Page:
According to my Instagram account, I’m having the perfect pregnancy. I’m living a carefree life, wearing adorable clothes, and doing exciting things while I happen to have two babies growing inside of me. I regret to inform you, this is a lie. A boldfaced internet façade that I have carefully crafted to fit nicely into our societal expectations of what a normal, healthy, “Instagram-friendly” pregnancy looks like.
In reality, my pregnancy has been anything but carefree and adorable. In fact, it’s nothing short of a miracle that I am still pregnant and writing about it. I’m carrying rare and high-risk Monochorionic identical twins. This means that instead of developing in two separately functioning amniotic sacs with individual placentas, my two babies share one sac divided by a thin membrane and one single placenta. Imagine two people living in a tiny apartment and having to share not only the space and food but also the blood supply.
The metaphor is a little off, but you get the picture. It can be dangerous.
Early on, we were told that because of this, we were at risk for developing something called Twin to Twin Transfusion Syndrome – known on the mean streets of the medical community as ‘TTTS’. I had barely stepped out of the doctor’s office before I started googling. According to Wikipedia, 80 percent of babies who develop severe TTTS don’t survive.
Obviously, this would never happen to me. Statistically, my chances of developing the syndrome were less than 1 in 1,000. I was 20-weeks pregnant. I had already told my parents, my friends, my colleagues… I had maternity clothes ordered and a baby shower booked and my pregnancy announcement planned. I was strong and healthy and nothing would stop me from having these babies.
Our doctor looked at us somberly the following week. “Good news!?” I asked him, “Everything perfect???” I implored again, pretending not to notice the worry spreading across his face as he studied the ultrasound. He quietly removed his glasses, as my husband squeezed my shaking hand. “I’m afraid it’s not perfect,” he said.
We had TTTS. My placenta had developed abnormal connections that were disrupting the equal flow of blood and nutrients to our babies. One twin was getting less and less of the space and nutrition and blood supply every day, while the other was getting overloaded. If untreated, neither one of them would make it.
Tears flooded my eyes as I lay there, helpless. This was never supposed to happen to me. I was supposed to have a perfect pregnancy. The kind I had seen in mommy blogs and magazines. I was strong and healthy… and yet, there was nothing I could do to save the babies who were struggling for life inside of me.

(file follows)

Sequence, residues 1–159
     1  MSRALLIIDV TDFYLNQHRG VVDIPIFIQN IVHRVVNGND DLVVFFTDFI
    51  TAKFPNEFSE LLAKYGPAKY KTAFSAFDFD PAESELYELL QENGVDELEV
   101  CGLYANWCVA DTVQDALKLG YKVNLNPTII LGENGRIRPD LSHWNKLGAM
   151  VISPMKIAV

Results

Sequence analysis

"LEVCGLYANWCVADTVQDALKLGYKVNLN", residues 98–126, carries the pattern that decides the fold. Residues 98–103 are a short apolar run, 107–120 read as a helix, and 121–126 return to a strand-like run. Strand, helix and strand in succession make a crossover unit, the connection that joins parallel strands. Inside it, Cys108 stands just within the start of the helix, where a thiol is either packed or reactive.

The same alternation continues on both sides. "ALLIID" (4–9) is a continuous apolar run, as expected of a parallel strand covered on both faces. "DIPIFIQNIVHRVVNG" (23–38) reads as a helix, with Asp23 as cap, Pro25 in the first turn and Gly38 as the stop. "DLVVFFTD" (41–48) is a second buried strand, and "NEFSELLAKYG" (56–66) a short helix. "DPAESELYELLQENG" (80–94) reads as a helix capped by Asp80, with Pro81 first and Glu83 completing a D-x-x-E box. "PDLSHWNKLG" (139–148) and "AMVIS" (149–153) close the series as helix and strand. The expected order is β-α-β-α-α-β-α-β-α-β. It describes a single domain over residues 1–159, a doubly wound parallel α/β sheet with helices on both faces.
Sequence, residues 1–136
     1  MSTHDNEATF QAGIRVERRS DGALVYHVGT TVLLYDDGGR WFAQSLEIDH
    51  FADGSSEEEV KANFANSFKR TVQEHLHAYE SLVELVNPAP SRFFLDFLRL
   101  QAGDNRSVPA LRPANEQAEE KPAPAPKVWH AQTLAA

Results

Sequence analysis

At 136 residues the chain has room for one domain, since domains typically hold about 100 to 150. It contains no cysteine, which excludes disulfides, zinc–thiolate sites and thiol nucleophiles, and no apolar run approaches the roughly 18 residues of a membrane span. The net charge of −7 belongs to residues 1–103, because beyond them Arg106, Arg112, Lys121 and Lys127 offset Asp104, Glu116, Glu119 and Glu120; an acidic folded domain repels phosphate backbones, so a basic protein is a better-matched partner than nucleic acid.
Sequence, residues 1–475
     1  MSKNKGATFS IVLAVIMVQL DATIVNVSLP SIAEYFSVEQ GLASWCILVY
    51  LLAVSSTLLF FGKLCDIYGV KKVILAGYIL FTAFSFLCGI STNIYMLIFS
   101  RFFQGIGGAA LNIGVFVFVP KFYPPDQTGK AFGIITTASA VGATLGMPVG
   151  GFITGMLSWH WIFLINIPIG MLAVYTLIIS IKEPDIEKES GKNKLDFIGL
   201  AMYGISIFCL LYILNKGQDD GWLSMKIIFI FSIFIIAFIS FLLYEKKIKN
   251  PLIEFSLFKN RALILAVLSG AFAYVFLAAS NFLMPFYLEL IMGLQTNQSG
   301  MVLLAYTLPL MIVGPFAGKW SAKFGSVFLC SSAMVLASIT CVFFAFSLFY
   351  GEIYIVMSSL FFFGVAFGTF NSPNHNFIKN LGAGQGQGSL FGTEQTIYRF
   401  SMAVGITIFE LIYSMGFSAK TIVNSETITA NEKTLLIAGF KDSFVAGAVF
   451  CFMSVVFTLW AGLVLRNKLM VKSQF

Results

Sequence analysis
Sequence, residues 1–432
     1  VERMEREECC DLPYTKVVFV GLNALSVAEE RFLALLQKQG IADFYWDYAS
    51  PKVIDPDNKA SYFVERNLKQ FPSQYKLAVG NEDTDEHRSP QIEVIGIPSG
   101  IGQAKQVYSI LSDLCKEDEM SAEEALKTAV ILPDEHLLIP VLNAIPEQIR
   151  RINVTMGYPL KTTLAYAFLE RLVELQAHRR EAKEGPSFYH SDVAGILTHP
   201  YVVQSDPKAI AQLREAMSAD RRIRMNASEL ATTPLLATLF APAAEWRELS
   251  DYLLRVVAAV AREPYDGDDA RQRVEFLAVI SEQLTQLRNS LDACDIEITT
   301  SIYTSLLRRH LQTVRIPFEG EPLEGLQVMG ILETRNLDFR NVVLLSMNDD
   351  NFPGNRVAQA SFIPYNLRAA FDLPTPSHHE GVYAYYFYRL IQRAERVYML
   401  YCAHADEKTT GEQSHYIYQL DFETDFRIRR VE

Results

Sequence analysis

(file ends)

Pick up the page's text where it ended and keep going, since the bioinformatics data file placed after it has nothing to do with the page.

Our doctor handed me a tissue and gave us some good news. In the past 20 years, a fetal surgery called Fetoscopic Laser Occlusion has been developed. A laser is inserted into the womb and used to block the connected vessels between the two babies. It’s basically a live episode of Star Trek performed in my uterus. It’s also a very risky procedure that only a handful of surgeons in the world can do. One of them just happened to work 10 miles from our house.
My husband and I sat in terrified silence for all 10 of those miles. I had always felt connected to the little humans inside of me, now I felt fiercely attached. I had never wished for twins, but suddenly, I couldn’t imagine my life without them.
The surgeon greeted us with warmth and empathy and patiently talked us through the procedure. At the end of his thorough explanation, he looked to us, “Any questions?” He asked. “Yes,” I replied, matter of factly, “I have CBC Upfronts in a few days, can I still go?” He stared at me, his face unflinching. “Jessica,” he said quietly, “this is literally a matter of life and death for your babies.”
Needless to say, I wasn’t at this year’s Upfronts. I was on an operating table, with a laser in my womb. It was the scariest day of my life, followed by an even more terrifying night. We had to wait in the hospital for 24-hours following the procedure to see if our babies had survived. I am not a particularly religious person, but that night I prayed to God and Moses and Allah and Beyoncé… anyone almighty who could help to watch over our precious little twins.
As the sun rose in our hospital room, the surgeon arrived with his sonographer. They silently hooked me up to an ultrasound. I held my breath. My husband held my hand. We waited… “Two heartbeats” the sonographer said. “They made it.” The tears that had been welling up behind my eyes for 24-hours shot out like an old-timey cartoon. I wanted to jump out of the hospital bed and launch myself into the arms of our surgeon, the man who had quite literally saved our babies’ lives. I had never felt more grateful; to have the kind of healthcare that everyone deserves and yet so many people don’t receive, and to be the lucky mom of these two strong, resilient little fighters.
Of course, it wasn’t all rainbows and Instagram filters after that. I had to go on bed rest, drop out of work commitments and embrace the sedentary lifestyle of an exceedingly elderly person. For the past three months, I’ve needed wheelchairs in grocery stores and someone to tie my shoes. But if anyone asks how I’m feeling, despite the challenges and frustrations and swelling and soreness… I say “great.”
Because I really am feeling GREAT. Sure, it hasn’t been the perfect pregnancy, but every hurdle has made me feel more appreciative and more in love with the two miracle babies who are, somehow, still living and growing inside of me. If I could climb up to the rooftops and shout-out how truly lucky and thankful and GREAT I feel, I would, but I can barely walk up a flight of stairs without holding the railing. So instead, I’ll post something carefree and adorable and #perfect on Instagram.